No Rail Bypass For Middlebury, Transportation Officials Say

Aug 16, 2015

Dozens of people packed into a special Middlebury select board meeting last month to share their concerns over the planned replacement of two rail road bridges in the downtown. Some said they'd rather see a rail bypass. But transportation officials say a bypass isn't feasible. 

In a letter to the Middlebury select board, Transportation Secretary Sue Minter said that a bypass would take a decade to complete and cost nearly twice as much as the bridge replacement.

Minter pointed out that the state has been working with former town manager Bill Finger to manage the project. Selectboard Chairman Dean George says the board will form a subcommittee to focus more closely on the project.

"We’re essentially being told that it’s a locally-managed project and a lot of the decisions will come from where we want to go with this. I’m not sure how much influence we’ll actually have if the project has to go in its designated route, other than the time of the construction, the disruption of the downtown, that sort of thing," George said.

George says up until now, the town has been told it would be a one-year construction project. While the most disruptive work will be done in that time, the entire project will take longer to complete, and that has businesses concerned.

"We're essentially being told that it's a locally managed project and a lot of the decisions will come from where we want to go with this. I'm not sure how much influence we'll actually have if the project has to go in its designated route." - Dean George, Middlebury Select Board Chair

"When we hear about a three-year construction period, we look at that as a death knell to a lot of businesses, who can't survive a disruption of that length of time," he said. "So we want to mitigate the time of construction, certainly the amount of construction that’s going to take place at street level and closure of streets and that kind of thing."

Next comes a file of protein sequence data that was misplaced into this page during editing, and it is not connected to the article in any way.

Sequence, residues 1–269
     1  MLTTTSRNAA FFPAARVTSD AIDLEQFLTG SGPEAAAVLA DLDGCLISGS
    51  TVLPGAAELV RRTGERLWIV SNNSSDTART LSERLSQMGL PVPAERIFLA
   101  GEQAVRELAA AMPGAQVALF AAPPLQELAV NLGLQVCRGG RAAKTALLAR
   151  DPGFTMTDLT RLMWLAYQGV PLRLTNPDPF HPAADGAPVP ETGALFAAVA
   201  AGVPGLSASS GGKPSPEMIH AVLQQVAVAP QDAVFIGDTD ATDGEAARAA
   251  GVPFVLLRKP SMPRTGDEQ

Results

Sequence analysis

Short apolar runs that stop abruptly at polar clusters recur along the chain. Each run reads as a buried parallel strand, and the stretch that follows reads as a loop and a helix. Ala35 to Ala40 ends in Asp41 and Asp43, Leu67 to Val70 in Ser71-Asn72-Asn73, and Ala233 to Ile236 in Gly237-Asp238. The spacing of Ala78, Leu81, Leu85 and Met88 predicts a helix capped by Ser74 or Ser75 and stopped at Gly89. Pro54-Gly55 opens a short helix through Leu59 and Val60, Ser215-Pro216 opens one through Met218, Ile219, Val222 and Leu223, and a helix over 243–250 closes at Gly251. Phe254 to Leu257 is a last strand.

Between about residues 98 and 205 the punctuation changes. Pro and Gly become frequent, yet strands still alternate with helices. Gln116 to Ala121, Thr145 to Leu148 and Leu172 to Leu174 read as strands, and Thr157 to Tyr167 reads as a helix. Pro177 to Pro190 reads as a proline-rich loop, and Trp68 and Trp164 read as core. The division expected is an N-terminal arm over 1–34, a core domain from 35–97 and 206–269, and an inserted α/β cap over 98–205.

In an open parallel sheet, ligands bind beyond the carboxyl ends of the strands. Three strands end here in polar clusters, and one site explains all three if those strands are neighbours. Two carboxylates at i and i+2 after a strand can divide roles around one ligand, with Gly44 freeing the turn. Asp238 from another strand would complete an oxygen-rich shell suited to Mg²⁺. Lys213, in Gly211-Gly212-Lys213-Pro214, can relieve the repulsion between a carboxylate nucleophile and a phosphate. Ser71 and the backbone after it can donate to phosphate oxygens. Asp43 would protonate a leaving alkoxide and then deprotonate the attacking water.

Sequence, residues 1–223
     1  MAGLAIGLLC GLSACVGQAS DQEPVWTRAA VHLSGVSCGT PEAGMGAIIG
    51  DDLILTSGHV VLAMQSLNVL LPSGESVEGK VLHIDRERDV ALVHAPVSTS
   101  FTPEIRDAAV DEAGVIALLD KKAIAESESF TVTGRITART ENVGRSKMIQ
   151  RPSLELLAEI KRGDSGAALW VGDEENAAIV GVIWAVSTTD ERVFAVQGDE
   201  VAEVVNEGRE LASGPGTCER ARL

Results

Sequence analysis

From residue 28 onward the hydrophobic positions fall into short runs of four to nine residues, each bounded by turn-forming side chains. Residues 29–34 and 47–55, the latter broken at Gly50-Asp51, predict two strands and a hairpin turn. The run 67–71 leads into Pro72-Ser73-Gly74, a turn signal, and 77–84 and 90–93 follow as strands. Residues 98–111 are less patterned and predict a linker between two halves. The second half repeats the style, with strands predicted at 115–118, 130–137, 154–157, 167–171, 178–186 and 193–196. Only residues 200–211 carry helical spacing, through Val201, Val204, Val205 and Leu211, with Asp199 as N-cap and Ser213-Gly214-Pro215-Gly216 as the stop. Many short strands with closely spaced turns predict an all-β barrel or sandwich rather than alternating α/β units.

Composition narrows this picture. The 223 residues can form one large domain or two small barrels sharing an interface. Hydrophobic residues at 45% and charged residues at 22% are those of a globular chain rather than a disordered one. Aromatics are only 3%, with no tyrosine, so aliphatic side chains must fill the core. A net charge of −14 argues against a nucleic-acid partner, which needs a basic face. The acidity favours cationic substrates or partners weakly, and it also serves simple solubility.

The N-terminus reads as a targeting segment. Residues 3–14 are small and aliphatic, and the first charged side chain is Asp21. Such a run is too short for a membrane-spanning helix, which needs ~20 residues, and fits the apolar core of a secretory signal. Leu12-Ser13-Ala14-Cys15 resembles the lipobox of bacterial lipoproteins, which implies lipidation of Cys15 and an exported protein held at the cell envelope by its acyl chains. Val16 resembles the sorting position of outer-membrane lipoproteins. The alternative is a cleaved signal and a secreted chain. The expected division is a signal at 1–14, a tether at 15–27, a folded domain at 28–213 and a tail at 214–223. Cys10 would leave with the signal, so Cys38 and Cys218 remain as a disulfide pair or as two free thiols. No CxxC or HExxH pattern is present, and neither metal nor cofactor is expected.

Town officials are also worried that the construction could potentially damage historic buildings near the rail road bridges. The transportation agency says it has a plan in place to check for damage. George said in addition to monitoring the buildings he'd like to see steps taken to protect them. 

"If something in the construction process looks like it might disrupt them, we don’t want to wait until after the fact to have to fix them," he said. "We’d rather stop construction and figure out whatever needs to be done without damaging the building, particularly St. Stephen’s Church, which is the closet to the rail."

In her letter, Minter said VTrans will work with the town to reduce construction noise and complete major construction in one year. She said downtown businesses shouldn't worry about construction impacts until September 2016.